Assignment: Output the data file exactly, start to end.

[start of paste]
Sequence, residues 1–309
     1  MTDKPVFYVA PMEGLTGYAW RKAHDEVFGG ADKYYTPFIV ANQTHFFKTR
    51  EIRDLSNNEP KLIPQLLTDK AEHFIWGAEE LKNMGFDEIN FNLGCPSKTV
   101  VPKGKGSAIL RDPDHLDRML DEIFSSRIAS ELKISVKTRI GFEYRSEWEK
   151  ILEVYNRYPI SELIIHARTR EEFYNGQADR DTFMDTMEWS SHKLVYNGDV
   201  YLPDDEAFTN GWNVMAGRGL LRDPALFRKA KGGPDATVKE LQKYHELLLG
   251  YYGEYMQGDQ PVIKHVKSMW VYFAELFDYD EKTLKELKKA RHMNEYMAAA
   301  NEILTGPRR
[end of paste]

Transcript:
Sequence, residues 1–309
     1  MTDKPVFYVA PMEGLTGYAW RKAHDEVFGG ADKYYTPFIV ANQTHFFKTR
    51  EIRDLSNNEP KLIPQLLTDK AEHFIWGAEE LKNMGFDEIN FNLGCPSKTV
   101  VPKGKGSAIL RDPDHLDRML DEIFSSRIAS ELKISVKTRI GFEYRSEWEK
   151  ILEVYNRYPI SELIIHARTR EEFYNGQADR DTFMDTMEWS SHKLVYNGDV
   201  YLPDDEAFTN GWNVMAGRGL LRDPALFRKA KGGPDATVKE LQKYHELLLG
   251  YYGEYMQGDQ PVIKHVKSMW VYFAELFDYD EKTLKELKKA RHMNEYMAAA
   301  NEILTGPRR